“Also in medicine, we often deal with the task of delivering wave energy to a very specific point – such as shock waves shattering a kidney stone.”

    Being treated with an anti-laser sounds pretty cool to us.

    The research has been published in Nature.

    See the full article here .


    Please help promote STEM in your local schools.

    Stem Education Coalition

    Techniche Universitat Wein (Vienna) campus

    Our mission is “technology for people”. Through our research we “develop scientific excellence”,
    through our teaching we “enhance comprehensive competence”.

    TU Wien (TUW) is located in the heart of Europe, in a cosmopolitan city of great cultural diversity. For nearly 200 years, TU Wien has been a place of research, teaching and learning in the service of progress. TU Wien is among the most successful technical universities in Europe and is Austria’s largest scientific-technical research and educational institution.

  • richardmitnick 10:52 am on March 7, 2019 Permalink | Reply
    Tags: "The hypothetical effect we are investigating is not the result of increased gravity" Budker said., "What if It's Not Dark Matter Making The Universe's Extra 'Gravity' But Light?", As we move out from the galactic centre the orbital motion of the stars and gas in the disc should theoretically slow down with the decrease in velocity proportional to the distance from the centre., , , , But that something might not be dark matter according to a team of researchers specifically plasma physicist Dmitri Ryutov retired from the Lawrence Livermore National Laboratory in California, But unless all our current understanding about the physical Universe (and all the data we've collected on the phenomenon is wrong) something out there is definitely making extra gravity., , , For now dark matter is still king. But there's no harm and potentially a lot of good in looking for other explanations too., Science Alert, So astrophysicists hypothesised dark matter. We don't know what it is and we can't detect it directly., So the theory would need a bit of work to be compatible with our actual observations of the Universe., , What if it's the mass of light?, When placed in the context of a mathematical system called Maxwell-Proca electrodynamics these electromagnetic stresses can generate additional centripetal forces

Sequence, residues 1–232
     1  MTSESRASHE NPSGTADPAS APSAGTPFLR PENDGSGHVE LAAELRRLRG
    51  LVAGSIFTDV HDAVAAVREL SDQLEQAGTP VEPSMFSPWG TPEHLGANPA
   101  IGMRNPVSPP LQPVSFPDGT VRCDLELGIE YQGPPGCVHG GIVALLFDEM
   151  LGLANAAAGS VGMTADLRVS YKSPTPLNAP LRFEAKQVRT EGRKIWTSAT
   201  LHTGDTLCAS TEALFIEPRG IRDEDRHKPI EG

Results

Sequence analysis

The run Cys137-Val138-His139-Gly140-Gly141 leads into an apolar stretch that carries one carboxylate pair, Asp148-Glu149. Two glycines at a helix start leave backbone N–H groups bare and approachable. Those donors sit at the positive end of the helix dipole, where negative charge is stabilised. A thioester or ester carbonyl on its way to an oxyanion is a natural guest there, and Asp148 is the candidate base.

From Science Alert: “What if It’s Not Dark Matter Making The Universe’s Extra ‘Gravity’, But Light?” 


    From Science Alert

    7 MAR 2019

    (NASA/ESA/ Hubble)

    NASA/ESA Hubble Telescope

    We’ve been looking for decades for dark matter, yet the mysterious stuff remains undetectable to our instruments. Now, astrophysicists have explored an intriguing possibility: what if it’s not dark matter that’s affecting galactic rotation after all. What if it’s the mass of light instead?

    In a 1980 paper [The Astrophysical Journal], the American astronomer Vera Rubin pretty conclusively proved something really weird about galaxies: their rims are rotating far faster than they should be.

    Fritz Zwicky discovered Dark Matter when observing the movement of the Coma Cluster. But Vera Rubin, Vera Rubin a Woman in STEM denied the Nobel, did most of the work on Dark Matter.

    Fritz Zwicky from http:// palomarskies.blogspot.com

    Coma cluster via NASA/ESA Hubble

    Astronomer Vera Rubin at the Lowell Observatory in 1965, worked on Dark Matter (The Carnegie Institution for Science)

    Vera Rubin measuring spectra, worked on Dark Matter (Emilio Segre Visual Archives AIP SPL)

    Vera Rubin, with Department of Terrestrial Magnetism (DTM) image tube spectrograph attached to the Kitt Peak 84-inch telescope, 1970. https://home.dtm.ciw.edu

    As we move out from the galactic centre, the orbital motion of the stars and gas in the disc should theoretically slow down, with the decrease in velocity proportional to the distance from the centre.